by Bob Jensen |
At the beginning of every fishing season, a good number of anglers promise themselves that they’re going to learn a new tactic this season. There are always new things that we can try, and there are also some established tactics that we just haven’t gotten around to trying yet. If you haven’t tried using planer boards yet, make this the year that you do so. Planer boards offer many advantages and much of the time will help us put more fish in the boat, spring, summer, and fall. Following are some reasons why you should give planer boards more water-time this year.
A planer board gets your bait out away from the boat. When it comes to walleyes, in the spring the fish will be shallow and they can be spread out. It works well to cover water, and trolling is the best way to cover water, but if we troll in the shallows, we’re going to spook the fish. Planer boards enable us to fish shallow without spooking the fish. Off Shore Tackle is the leader in planer board technology. They’ve done the most research, which has enabled them to create the boards that work the best.
Boards allow us to get more lures in the water, and there are times when a particular lure will be more productive. The quicker we determine what that lure is, the more fish we’re going to catch. Even when we know what style of lure to tie on there are things to think about. What color, what size, what running depth: These are all things that can influence how many fish come to our net.
Many states allow anglers to use multiple lines. If you’re fishing in one of those states, you’ll increase your odds for getting bit if you put an extra line in the water, and the best way to effectively use an extra line is through the use of a planer board.
If you try to fish too many lines directly behind the boat, eventually you’re going to regret it. Planer boards take your bait out away from the boat. Let’s say we’re using crankbaits. We believe the fish are down about ten feet, so we tie on a crankbait that runs eight or nine feet down. A Lucky Shad would be a good choice. Let out enough line to get the bait to a depth just above the fish, snap on a board, and put the board in the water. The board goes out to the side of the boat as far as we want it to. In this case we’ll let it go out fifty feet. Engage the reel and put the rod in the rod holder. Select another bait, different color, maybe a different running depth, maybe even a different action. As good as the Lucky Shad has been for us lately, we would go with maybe a Banana Shad. It runs differently and that might be what the walleyes want on this day. We’ll put that line out about thirty feet from the boat. Just do different things until the fish show you what they want. If there are two of us fishing and the regulations allow two lines per angler, we’ll put four lines in the water. If the fish are close to shore, we’ll put all the lines on the shore side of the boat. If they’re spread out, we’ll cover both sides of the boat. We have a spread of four lines that are easy to manage, and we can try lots of different crankbait presentations at the same time. We are really increasing the odds of showing the fish the bait that they want to eat.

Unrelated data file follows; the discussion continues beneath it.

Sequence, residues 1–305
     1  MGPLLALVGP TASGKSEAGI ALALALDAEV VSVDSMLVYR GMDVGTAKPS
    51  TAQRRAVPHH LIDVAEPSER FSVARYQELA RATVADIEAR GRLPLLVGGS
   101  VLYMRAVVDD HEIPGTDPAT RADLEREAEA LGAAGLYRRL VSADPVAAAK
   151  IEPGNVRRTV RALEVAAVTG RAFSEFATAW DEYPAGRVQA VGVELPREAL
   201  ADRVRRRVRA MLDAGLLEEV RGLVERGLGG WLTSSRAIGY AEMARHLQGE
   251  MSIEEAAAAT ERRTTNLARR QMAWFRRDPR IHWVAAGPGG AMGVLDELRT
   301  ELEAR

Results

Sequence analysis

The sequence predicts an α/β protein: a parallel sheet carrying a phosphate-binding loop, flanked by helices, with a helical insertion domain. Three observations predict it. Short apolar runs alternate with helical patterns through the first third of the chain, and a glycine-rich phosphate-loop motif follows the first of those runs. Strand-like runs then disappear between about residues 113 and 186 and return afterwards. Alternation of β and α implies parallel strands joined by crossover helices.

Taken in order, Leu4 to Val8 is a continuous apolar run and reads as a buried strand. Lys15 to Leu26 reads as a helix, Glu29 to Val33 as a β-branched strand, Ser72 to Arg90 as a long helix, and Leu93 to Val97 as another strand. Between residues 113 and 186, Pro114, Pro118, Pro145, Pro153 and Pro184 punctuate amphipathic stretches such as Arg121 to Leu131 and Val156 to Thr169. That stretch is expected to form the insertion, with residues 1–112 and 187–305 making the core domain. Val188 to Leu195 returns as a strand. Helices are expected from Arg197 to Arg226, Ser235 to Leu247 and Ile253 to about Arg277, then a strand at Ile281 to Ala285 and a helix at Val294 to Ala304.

Even in one line states boards will put more fish in the boat at times. I recall a memorable day on Mille Lacs. There was a bug hatch happening and the walleyes were feeding on those bugs close to the surface. We used planer boards and flat-lines: At the end of the day we realized that for every fish caught on the flat-line, five were taken on boards, and that’s too much of an advantage to ignore. If you haven’t already done so, discover planer boards this fishing season.
Feature Photo: Bill Bunn with a nice Clear Lake Iowa May walleye. The fish are eating, get out and get some.
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